The first dataset was deposited in SUNScholarData on 7 August 2019. Since then, the number of deposits has increased at a modest rate and now totals 84 datasets. Some 21 of these have been published and are openly accessible. The datasets have been viewed 9 564 times and generated 1 559 downloads since August 2019.

In addition to permitting the deposit of research data, SUNScholarData facilitates the bulk-linkage to supplementary data originally submitted to academic publishers. Currently this is only possible with supplementary data associated with the Public Library of Science’s (PLOS) journals. On 16 September 2020, a total of 3 508 PLOS datasets were linked to SUNScholarData. These datasets cover a period from 2006-2020 and provide a broad view of openly accessible research data that span several academic disciplines.

SUNScholarData provides several benefits which can be harnessed by SU researchers. The greatest benefit experienced by those who have published research data on SUNScholarData is the increased visibility of their data. As SUNScholarData is visible and accessible online it is certainly better than storing research data on local as well as external hard drives. Furthermore, the repository stores research data securely in accordance with recognised ISO standards. The research datasets are curated prior to publication, thus ensuring quality and by extension trustworthiness. SUNScholarData facilitates compliance with research funder mandates, which may require that the research data associated with funded research be shared publicly upon the completion of projects. SUNScholardata also facilitates compliance with the policies of academic publishers, which sometimes mandate that the research data underpinning publication be published via research data repositories.

Researchers interested in learning more about SUNScholarData are welcome to contact the Manager: Research Data Services of the Library at

Samuel Simango

How we have offered services differently during lockdown

Lockdown has been no meltdown for the faculty librarian team of the Library and Information Service. During Covid-19, faculty librarians have overcome various challenges to assist clients with their information needs including moving from face-to-face to online training, providing off-campus information assistance and overseeing access to library buildings.

Group training meltdown averted

Traditionally, SU faculty librarians present information literacy classes in a face-to-face classroom environment. These sessions are presented to clients on campus. Literally hundreds of these sessions are presented each year. As a result of the success of these training sessions, librarians are very comfortable in the classroom environment.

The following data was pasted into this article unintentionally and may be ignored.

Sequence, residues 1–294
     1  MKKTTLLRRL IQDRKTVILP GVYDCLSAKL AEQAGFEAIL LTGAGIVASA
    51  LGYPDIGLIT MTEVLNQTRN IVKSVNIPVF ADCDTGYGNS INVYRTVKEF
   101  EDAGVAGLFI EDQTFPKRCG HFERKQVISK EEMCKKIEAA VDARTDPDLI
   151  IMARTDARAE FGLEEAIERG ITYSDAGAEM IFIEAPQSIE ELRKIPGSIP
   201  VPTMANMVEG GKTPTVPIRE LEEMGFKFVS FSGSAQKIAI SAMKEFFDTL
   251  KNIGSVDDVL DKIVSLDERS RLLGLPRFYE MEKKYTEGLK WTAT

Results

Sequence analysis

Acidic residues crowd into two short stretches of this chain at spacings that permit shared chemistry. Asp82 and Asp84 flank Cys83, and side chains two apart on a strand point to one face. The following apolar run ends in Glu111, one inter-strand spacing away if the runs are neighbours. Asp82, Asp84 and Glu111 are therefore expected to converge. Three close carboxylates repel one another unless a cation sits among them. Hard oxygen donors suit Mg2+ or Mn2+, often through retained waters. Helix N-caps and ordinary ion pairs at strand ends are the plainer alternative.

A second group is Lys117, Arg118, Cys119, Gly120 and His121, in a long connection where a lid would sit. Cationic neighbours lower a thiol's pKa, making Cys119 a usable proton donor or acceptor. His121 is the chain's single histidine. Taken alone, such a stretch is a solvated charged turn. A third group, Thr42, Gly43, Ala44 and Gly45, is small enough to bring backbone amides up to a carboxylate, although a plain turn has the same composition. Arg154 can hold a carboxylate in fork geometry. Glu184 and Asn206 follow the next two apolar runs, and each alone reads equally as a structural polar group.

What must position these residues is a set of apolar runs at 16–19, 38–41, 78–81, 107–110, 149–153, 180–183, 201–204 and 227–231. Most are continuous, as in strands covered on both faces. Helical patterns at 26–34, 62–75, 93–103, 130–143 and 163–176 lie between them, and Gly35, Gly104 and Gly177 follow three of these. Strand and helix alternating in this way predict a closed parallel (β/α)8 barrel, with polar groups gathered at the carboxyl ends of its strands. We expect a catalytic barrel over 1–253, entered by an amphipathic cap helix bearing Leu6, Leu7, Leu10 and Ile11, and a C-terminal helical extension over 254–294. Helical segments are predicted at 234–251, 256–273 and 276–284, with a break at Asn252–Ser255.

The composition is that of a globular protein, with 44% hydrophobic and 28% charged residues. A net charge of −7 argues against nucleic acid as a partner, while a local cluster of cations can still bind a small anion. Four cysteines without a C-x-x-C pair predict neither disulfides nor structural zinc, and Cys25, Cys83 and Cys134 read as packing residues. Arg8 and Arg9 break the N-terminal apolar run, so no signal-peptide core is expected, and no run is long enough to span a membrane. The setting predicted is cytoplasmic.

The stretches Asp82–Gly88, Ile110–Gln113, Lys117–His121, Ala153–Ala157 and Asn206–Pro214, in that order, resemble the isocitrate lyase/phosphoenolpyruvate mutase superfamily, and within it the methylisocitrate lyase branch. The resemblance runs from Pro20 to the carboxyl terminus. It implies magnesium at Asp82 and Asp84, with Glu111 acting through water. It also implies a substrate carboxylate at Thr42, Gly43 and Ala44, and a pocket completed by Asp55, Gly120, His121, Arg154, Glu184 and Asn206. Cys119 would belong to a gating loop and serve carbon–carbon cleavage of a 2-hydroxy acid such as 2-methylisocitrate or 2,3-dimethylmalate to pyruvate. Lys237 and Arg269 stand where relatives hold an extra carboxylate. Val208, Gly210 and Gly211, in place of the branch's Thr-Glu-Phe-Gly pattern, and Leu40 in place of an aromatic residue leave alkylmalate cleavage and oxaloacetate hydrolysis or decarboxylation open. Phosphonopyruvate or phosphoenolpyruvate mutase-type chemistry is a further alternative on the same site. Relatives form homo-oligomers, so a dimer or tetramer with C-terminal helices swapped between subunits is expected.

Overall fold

When Covid-19 lockdown kicked in, the situation drastically changed and suddenly librarians were forced out of their comfort zones. Ice-cream floats started to melt. Not for long though… Training for the 2020 academic year was an ongoing concern, because SU management was adamant that the 2020 academic year would be completed successfully. Librarians therefore had to step up, adapt and create new comfort zones using online collaboration tools such as Microsoft Teams.

Faculty librarians quickly learned the Teams tools of the trade and learnt a valuable lesson along the lockdown route: find a library buddy to assist you with technical challenges such as log-in problems, connecting latecomers and answering chat questions during Teams training sessions. Ice-cream floats to all trainers during lockdown.

Client assistance meltdown averted

Information assistance to off-campus clients is not new, but previously faculty librarians delivered this service from the comfort of their office chairs. Now librarians were also working from off-campus and experienced the same frustrations that our off-campus clients periodically experience with accessing information. Mark that down to another lockdown reality check.

Fortunately, faculty librarians’ service commitment went into overdrive: support your clients by whatever means necessary (within the law, of course). Call it over-servicing or assisting, but desperate times call for desperate measures. Faculty librarians had to ensure the clients’ 2020 academic year stayed afloat. Practical example: With support from Technical Services, clients received access to new e-books at the speed of lightning. Ice-cream floats to the Technical Services colleagues.

Library access meltdown averted

Fact: Clients missed the library building. Faculty librarians received numerous requests during lockdown as to when the building would re-open. When it finally did, with all the necessary safety protocols in place, clients were tremendously relieved, even though they were still not allowed ice-cream floats in the building. The circulation staff were crucial to welcome our clients back and ensure everyone’s safety in the libraries. The circulation staff all deserve ice-cream floats for their professional, patient, and friendly (but firm) welcoming of returning clients to the libraries.

It just goes to show what great teamwork can accomplish.

Pieter du Plessis

Photo: Google Images